Any loving dog owner knows the feeling: your dog fixes his big brown eyes on you, you look back at him and feel a surge of affection, his tail wags, you scratch that one spot behind his ears that he likes, he smiles up at you. It’s a loop of mutual affection that can feel weirdly. . . human.
If these moments of bonding with your dog feel weirdly human, it’s because they are. We humans bond emotionally when we gaze into each other’s eyes—remember what it felt like when you were a teenager just gazing into your bf/gf’s eyes?
This is due to the hormone oxytocin that floods our brains when we make eye contact with people we care about. Oxytocin is associated with affection and attachment—it’s the same hormone that facilitates bonding between a parent and child.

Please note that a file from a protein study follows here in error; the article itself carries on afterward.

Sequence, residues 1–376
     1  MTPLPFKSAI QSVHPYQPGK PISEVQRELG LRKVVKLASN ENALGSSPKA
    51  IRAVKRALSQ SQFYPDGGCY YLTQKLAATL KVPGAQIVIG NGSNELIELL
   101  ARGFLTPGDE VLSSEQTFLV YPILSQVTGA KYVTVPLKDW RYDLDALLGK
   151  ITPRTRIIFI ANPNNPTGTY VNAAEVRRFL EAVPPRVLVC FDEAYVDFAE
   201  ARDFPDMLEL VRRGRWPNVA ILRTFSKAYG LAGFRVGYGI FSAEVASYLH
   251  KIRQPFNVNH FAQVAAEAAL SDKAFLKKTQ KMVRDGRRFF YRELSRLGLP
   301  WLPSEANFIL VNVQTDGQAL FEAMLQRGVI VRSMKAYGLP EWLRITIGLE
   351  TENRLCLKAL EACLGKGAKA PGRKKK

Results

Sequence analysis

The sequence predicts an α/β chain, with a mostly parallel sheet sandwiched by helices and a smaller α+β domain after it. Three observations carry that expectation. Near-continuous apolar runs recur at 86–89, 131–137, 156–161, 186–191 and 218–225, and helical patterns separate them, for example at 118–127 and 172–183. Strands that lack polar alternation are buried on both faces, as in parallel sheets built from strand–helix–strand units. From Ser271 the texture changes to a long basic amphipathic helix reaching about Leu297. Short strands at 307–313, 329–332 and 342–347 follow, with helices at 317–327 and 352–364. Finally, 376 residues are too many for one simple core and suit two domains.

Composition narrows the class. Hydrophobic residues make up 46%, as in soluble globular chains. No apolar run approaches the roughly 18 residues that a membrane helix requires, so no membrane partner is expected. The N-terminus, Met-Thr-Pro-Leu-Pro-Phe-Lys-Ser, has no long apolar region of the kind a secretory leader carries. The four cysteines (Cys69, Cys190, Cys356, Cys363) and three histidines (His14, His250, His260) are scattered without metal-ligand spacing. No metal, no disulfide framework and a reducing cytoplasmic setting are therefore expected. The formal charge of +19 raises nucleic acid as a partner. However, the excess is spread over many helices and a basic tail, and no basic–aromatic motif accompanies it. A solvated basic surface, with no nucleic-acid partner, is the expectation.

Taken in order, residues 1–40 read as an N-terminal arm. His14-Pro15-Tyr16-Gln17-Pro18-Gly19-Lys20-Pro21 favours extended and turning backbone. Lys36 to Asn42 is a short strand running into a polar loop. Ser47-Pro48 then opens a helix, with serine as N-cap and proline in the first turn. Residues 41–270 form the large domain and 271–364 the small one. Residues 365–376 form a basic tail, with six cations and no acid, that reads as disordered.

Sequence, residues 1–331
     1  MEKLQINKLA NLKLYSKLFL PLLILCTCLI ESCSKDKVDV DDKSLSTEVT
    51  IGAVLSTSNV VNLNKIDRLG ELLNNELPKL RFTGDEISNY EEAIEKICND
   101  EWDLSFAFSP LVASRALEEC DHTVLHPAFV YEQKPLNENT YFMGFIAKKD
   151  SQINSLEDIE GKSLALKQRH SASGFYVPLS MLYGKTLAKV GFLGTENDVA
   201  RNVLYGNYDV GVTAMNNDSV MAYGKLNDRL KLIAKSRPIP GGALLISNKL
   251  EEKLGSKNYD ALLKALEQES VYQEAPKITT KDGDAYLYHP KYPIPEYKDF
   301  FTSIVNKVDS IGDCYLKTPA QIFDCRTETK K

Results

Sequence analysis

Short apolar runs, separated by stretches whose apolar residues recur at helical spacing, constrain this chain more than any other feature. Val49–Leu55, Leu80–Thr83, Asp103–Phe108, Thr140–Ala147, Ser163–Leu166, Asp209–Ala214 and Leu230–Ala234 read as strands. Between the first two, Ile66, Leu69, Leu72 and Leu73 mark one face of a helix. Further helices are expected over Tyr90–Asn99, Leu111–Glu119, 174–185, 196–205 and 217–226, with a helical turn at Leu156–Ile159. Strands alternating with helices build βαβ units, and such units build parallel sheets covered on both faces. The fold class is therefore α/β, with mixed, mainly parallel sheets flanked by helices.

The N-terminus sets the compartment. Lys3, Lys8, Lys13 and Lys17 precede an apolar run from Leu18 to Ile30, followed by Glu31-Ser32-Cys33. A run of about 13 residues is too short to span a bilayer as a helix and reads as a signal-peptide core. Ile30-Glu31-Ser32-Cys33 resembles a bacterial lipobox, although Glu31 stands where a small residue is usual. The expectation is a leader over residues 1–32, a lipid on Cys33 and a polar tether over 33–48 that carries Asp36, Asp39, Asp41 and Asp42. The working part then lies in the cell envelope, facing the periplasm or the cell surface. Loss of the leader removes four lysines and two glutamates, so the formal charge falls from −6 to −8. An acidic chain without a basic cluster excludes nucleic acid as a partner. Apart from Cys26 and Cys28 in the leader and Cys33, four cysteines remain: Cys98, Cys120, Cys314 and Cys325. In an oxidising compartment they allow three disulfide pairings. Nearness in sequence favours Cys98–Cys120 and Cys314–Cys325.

Science now shows that dogs can bond with humans in the exact same way. In 2015, researchers found that dogs who gazed into the eyes of their owners also experienced elevated levels of oxytocin. The dogs did! After receiving long gazes from their pets, the owners’ levels of oxytocin increased, too. Aww!
This is where it gets crazy. The researchers did the same experiment with human-raised wolves and found that wolves rarely made eye contact with their humans. What’s more, when they did make eye contact, neither pet wolf nor human had raised levels of oxytocin.
From this, scientists conclude that domesticated dogs adapted this very human form of social communication when they evolved away from their wolf ancestors. Not even chimpanzees, human’s closest relative, has figured out a way to do this. It’s a unique, secret way of human-dog bonding that we humans can do with our best doggy friends.
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